Since July, California, Maryland, New York, and South Carolina have introduced online voter registration, bringing to 13 the number of states that currently offer this service. Increased use of online registration and new technologies adopted in these states has resulted in a dramatic increase in the number of registered voters.
With assistance from Pew's Election Initiatives Project, seven states have partnered to launch the Electronic Registration Information Center (ERIC), a program that uses the latest technology to better maintain voter records, save money, and streamline processes. With approximately one in eight voter registrations in the United States out-of-date or no longer accurate, the program allows participating states—currently Colorado, Delaware, Maryland, Nevada, Utah, Virginia, and Washington—to improve their ability to maintain clean voter lists and most efficiently manage their voter registration system.
As part of the ERIC partnership, states can more easily reach eligible but unregistered voters by encouraging them to go online to register to vote weeks, rather than days, before registration deadlines. They can also encourage registered voters to use the online system to update their information when necessary, improving accuracy and saving taxpayer dollars.
“With voter registration deadlines looming in twenty-one states between now and the election, it's crucial that voters use these new tools, like online registration, to get registered or update their information,” said David Becker, director of Election Initiatives.
In Nevada, for instance, new registrations jumped following an initiative that began on September 17 as part of their participation in the ERIC partnership. To promote online registration, the state sent mailings to hundreds of thousands of eligible but not yet registered voters, and ran television and radio ads and promotional outreach for National Voter Registration Day. As of October 2, 15,000 new online registrations had been processed, averaging approximately 1,000 per day. Then in the last four days before the state's October 6 deadline to register online, another nearly 15,000 new online registrations were processed along with more than 9,000 voters who updated their registration information. The day of the deadline saw the system's highest single-day usage with nearly 4,800 new registrants signing up online.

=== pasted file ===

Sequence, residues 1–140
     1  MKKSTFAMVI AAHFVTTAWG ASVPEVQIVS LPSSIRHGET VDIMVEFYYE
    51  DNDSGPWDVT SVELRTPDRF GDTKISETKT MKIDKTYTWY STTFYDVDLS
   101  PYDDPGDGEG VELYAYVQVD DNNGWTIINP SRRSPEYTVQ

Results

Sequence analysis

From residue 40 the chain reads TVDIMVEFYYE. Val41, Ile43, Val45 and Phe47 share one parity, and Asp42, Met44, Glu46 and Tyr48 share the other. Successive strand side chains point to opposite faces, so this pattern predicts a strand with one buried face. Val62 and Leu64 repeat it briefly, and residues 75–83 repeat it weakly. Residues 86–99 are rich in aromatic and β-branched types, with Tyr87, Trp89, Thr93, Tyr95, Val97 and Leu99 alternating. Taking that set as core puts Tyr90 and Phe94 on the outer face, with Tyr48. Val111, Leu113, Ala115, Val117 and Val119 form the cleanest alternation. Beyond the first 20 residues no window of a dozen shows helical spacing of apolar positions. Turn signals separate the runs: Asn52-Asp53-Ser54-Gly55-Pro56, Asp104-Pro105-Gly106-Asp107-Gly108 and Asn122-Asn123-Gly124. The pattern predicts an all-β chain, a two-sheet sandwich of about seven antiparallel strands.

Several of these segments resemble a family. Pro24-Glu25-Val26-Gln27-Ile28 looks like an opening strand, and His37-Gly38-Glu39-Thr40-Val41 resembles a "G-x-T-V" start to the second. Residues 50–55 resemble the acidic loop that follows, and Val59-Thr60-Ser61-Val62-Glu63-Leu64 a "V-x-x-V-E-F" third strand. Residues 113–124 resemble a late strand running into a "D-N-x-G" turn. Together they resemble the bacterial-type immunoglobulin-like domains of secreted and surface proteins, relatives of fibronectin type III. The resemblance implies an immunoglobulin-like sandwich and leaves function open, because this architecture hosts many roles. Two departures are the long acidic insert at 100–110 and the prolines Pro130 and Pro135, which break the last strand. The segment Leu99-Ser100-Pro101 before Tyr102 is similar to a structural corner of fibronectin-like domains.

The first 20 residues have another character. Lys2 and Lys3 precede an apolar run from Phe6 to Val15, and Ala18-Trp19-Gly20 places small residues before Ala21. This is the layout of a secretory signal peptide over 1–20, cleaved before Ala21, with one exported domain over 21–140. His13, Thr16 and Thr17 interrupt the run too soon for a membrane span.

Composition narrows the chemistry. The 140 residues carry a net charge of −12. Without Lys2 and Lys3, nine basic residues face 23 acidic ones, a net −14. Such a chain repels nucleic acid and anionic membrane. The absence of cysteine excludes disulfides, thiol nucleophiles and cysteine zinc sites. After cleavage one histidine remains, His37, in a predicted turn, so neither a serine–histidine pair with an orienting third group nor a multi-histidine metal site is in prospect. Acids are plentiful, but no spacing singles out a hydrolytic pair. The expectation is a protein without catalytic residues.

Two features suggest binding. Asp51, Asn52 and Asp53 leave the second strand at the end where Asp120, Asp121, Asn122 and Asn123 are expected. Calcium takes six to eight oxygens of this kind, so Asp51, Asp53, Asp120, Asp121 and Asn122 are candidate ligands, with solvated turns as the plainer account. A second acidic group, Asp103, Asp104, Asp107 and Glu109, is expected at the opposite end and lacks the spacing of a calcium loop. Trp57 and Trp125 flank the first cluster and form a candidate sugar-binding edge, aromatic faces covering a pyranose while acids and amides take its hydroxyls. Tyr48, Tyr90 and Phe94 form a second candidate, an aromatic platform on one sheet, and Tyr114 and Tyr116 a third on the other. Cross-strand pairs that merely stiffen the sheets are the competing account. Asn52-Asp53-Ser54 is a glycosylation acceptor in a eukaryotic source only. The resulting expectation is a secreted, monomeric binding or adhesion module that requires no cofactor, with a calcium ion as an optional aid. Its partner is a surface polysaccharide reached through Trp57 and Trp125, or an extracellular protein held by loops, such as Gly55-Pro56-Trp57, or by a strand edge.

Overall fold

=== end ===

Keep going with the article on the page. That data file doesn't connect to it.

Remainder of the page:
Colorado, also a founding member of ERIC, sent out mailings to eligible but unregistered voters in late August. Of those who've received the mailing, 30,000 voters have registered online, according to the Secretary of State's office.
Maryland's online registration system debuted in July and, in a little more than two months, saw more than 8,000 new registrants and 14,000 people update their information. Maryland's registration deadline is October 16.
“States participating in ERIC should expect to see greater efficiencies and reduced costs,” said Becker.
Other states have seen significant results from online voter registration, as well.
California rolled out its system in mid-September, and more than 220,000 people used the system in its first two weeks. California's voter registration deadline is October 22.
New York launched online registration in August, and as of early October more than 9,500 new registrants used the system and another 14,000 updated their information. New York's deadline is October 12.
South Carolina's online voter registration system did not debut until October 2, four days before the state's October 6 registration deadline. In less than 24 hours after the system went live, more than 3,000 new voters submitted applications. Approximately 17,000 new registrants used the system in the five days it was available and an additional 8,000 updated their information.
The thirteen states with online voter registration systems are Arizona, California, Colorado, Indiana, Kansas, Louisiana, Maryland, Nevada, New York, Oregon, South Carolina, Utah, and Washington.
Overall, 20 states have voter registration deadlines that have passed as of October 9. Twenty-one states have deadlines between October 10 and November 3. Eight states and the District of Columbia allow Election Day registration, and North Dakota does not require voters to register.
The Pew Center on the States is a division of The Pew Charitable Trusts that identifies and advances effective solutions to critical issues facing states. Pew is a nonprofit organization that applies a rigorous, analytical approach to improve public policy, inform the public and stimulate civic life. More information is available at http://www.pewstates.org/voterreg.